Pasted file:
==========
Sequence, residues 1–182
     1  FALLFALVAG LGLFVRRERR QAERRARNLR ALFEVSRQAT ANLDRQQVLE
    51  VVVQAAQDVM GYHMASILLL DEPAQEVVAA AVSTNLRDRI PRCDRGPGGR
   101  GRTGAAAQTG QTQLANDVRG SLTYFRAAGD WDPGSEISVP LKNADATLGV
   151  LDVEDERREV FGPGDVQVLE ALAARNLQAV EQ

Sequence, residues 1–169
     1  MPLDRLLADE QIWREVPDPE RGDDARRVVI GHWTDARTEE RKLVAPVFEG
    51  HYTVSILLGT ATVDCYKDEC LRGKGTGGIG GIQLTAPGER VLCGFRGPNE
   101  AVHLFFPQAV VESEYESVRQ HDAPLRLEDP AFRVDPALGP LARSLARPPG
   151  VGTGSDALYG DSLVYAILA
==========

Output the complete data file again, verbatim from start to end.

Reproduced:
Sequence, residues 1–182
     1  FALLFALVAG LGLFVRRERR QAERRARNLR ALFEVSRQAT ANLDRQQVLE
    51  VVVQAAQDVM GYHMASILLL DEPAQEVVAA AVSTNLRDRI PRCDRGPGGR
   101  GRTGAAAQTG QTQLANDVRG SLTYFRAAGD WDPGSEISVP LKNADATLGV
   151  LDVEDERREV FGPGDVQVLE ALAARNLQAV EQ

Sequence, residues 1–169
     1  MPLDRLLADE QIWREVPDPE RGDDARRVVI GHWTDARTEE RKLVAPVFEG
    51  HYTVSILLGT ATVDCYKDEC LRGKGTGGIG GIQLTAPGER VLCGFRGPNE
   101  AVHLFFPQAV VESEYESVRQ HDAPLRLEDP AFRVDPALGP LARSLARPPG
   151  VGTGSDALYG DSLVYAILA